|Systematic (IUPAC) name|
|Licence data||US FDA:|
|Oral (tablet form)|
|Biological half-life||2.5-3.5 hours|
|Excretion||Renal (25-30% unchanged [Oral])|
|Molecular mass||337.449 g/mol|
|(what is this?)|
Famotidine (//l trade name Pepcid) is a histamine H2-receptor antagonist that inhibits stomach acid production. It is commonly used in the treatment of peptic ulcer disease and gastroesophageal reflux disease. Unlike cimetidine, the first H2 antagonist, famotidine has no effect on the cytochrome P450 enzyme system, and does not appear to interact with other drugs.
- Relief of heartburn, acid indigestion, and sour stomach
- Treatment for gastric and duodenal ulcers
- Treatment for pathologic gastrointestinal hypersecretory conditions such as Zollinger-Ellison syndrome and multiple endocrine adenomas
- Treatment for Gastroesophageal reflux (GERD)
- Treatment for Esophagitis
- Part of a multidrug regimen for H. pylori eradication, although omeprazole may be somewhat more effective.
- Prevention of NSAID induced peptic ulcers.
- Given to surgery patients before operations to reduce the risk of aspiration pneumonitis.
Certain preparations of famotidine are available over the counter (OTC) in various countries. In the United States and Canada, 10 mg and 20 mg tablets, sometimes in combination with an antacid, are available OTC. Larger doses still require a medical prescription.
Famotidine was developed by Yamanouchi Pharmaceutical Co. It was licensed in the mid-80s by Merck & Co. and is marketed by a joint venture between Merck and Johnson & Johnson. The imidazole ring of cimetidine was replaced with a 2-guanidinothiazole ring. Famotidine proved to be 9 times more potent than ranitidine, and 32 times more potent than cimetidine.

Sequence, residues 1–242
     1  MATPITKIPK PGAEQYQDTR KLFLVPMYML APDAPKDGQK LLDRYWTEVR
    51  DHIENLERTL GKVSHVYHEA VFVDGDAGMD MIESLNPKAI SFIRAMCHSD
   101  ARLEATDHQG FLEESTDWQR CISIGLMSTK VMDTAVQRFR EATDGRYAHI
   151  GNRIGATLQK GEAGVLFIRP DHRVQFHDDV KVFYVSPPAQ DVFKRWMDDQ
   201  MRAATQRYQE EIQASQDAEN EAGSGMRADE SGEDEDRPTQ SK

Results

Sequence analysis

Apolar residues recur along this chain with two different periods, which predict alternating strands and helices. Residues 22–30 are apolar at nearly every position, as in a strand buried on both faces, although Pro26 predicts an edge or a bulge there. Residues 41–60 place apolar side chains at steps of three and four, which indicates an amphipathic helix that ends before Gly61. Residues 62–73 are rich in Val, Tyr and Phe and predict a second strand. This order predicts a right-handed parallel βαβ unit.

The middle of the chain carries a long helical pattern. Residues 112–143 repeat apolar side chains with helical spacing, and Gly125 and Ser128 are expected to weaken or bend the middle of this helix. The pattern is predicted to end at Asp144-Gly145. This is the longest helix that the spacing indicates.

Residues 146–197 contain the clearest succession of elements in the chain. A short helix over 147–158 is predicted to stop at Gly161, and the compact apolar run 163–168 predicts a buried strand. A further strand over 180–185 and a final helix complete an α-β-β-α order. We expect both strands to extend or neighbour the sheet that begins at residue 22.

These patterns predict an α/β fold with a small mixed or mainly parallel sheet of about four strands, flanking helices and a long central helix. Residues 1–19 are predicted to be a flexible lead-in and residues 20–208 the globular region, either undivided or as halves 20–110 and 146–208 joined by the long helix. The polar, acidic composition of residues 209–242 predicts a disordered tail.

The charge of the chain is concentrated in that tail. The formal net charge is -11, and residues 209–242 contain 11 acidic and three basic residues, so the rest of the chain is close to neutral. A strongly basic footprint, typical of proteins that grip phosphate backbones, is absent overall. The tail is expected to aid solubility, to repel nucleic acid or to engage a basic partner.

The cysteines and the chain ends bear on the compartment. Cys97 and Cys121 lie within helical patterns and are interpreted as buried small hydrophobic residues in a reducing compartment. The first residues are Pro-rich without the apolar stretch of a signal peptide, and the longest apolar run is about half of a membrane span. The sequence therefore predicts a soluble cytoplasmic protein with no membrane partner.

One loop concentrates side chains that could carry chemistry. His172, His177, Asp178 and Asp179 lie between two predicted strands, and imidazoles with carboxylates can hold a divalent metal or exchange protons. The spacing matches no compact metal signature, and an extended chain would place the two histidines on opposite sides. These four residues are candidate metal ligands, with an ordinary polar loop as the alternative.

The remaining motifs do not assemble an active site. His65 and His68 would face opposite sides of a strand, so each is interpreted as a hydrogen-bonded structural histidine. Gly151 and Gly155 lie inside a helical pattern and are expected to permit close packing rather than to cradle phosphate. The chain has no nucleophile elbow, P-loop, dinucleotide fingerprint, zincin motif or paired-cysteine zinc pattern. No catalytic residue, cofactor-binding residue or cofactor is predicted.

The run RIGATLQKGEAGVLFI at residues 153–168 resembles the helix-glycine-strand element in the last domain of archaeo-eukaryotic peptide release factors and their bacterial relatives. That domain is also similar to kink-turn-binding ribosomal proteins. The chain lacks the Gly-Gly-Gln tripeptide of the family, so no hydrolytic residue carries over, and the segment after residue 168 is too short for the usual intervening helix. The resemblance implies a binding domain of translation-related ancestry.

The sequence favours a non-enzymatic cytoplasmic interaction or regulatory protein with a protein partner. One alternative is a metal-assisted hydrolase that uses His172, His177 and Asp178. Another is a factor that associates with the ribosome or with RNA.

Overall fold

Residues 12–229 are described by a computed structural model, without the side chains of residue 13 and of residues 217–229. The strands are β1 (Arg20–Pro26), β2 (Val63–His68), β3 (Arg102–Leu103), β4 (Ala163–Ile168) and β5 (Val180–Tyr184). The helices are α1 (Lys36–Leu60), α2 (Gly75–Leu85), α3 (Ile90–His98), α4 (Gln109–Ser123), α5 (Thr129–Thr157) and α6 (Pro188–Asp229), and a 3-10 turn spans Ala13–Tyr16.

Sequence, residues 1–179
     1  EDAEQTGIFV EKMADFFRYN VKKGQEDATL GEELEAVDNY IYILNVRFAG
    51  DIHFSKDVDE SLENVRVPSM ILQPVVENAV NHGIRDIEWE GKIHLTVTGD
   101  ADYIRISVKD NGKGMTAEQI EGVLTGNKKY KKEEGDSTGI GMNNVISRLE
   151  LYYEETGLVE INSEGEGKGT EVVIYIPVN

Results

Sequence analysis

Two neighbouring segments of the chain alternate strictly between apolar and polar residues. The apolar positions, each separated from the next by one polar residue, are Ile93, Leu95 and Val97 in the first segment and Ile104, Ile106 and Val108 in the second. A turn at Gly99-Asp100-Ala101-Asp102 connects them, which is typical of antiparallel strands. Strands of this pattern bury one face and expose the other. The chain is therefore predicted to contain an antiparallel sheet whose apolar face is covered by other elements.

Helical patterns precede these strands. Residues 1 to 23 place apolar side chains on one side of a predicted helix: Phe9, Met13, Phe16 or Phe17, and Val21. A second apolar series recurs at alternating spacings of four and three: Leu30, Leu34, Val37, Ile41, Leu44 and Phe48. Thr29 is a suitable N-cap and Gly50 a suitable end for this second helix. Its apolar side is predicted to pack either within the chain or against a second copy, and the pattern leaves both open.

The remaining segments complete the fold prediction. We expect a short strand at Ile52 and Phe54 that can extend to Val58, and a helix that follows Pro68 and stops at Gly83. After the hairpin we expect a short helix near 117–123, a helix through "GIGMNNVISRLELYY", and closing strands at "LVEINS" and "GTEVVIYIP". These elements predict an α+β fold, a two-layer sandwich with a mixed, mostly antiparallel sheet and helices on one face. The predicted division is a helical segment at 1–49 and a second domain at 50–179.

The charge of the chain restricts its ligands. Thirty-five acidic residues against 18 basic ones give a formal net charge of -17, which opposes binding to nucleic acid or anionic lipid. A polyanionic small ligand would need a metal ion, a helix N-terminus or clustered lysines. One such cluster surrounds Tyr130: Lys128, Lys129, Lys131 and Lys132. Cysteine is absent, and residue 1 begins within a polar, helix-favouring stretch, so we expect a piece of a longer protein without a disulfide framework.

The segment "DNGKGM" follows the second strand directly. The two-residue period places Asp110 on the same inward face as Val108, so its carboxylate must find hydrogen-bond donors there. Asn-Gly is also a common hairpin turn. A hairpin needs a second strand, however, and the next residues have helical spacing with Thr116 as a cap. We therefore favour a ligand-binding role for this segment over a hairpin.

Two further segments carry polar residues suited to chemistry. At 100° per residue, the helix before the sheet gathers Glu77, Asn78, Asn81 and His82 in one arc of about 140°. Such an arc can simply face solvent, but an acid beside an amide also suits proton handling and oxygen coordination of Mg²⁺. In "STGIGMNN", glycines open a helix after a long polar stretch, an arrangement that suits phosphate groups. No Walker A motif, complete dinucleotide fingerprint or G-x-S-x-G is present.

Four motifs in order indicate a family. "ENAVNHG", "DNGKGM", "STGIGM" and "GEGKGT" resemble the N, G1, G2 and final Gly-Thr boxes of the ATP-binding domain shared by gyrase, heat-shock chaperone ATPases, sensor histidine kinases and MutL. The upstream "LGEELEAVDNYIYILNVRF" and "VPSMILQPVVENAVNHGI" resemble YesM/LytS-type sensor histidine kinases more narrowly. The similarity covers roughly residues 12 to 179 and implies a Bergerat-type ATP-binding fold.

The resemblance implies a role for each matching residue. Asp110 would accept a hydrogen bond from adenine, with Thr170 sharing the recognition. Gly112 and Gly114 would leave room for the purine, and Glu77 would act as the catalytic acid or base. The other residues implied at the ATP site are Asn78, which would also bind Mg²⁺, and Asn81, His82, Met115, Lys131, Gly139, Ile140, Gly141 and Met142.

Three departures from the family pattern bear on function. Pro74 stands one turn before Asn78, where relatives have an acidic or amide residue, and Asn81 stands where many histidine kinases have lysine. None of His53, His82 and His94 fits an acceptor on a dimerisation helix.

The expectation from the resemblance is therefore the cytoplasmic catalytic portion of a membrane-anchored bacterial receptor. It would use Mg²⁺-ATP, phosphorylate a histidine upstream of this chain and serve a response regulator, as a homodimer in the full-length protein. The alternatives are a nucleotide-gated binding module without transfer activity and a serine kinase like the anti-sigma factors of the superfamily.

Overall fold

In the United States and Canada, a product called Pepcid Complete, which combines famotidine with an antacid in a chewable tablet to quickly relieve the symptoms of excess stomach acid, is available. In the UK, this product was known as Pepcidtwo prior to its discontinuation in April 2015.
Famotidine suffers from poor bioavailability (50%), as it is poorly soluble in the low pH of the stomach. When used in combination with antacids, it promotes local delivery of these drugs to the receptor of the parietal cell wall. Therefore, researchers are developing innovative formulations of tablets, such as gastroretentive drug delivery systems. Such tablets are retained in the stomach for a longer period of time, thereby improving the bioavailability of drugs. Local delivery also increases bioavailability at the stomach wall receptor site and increases the efficacy of drugs to reduce acid secretion.
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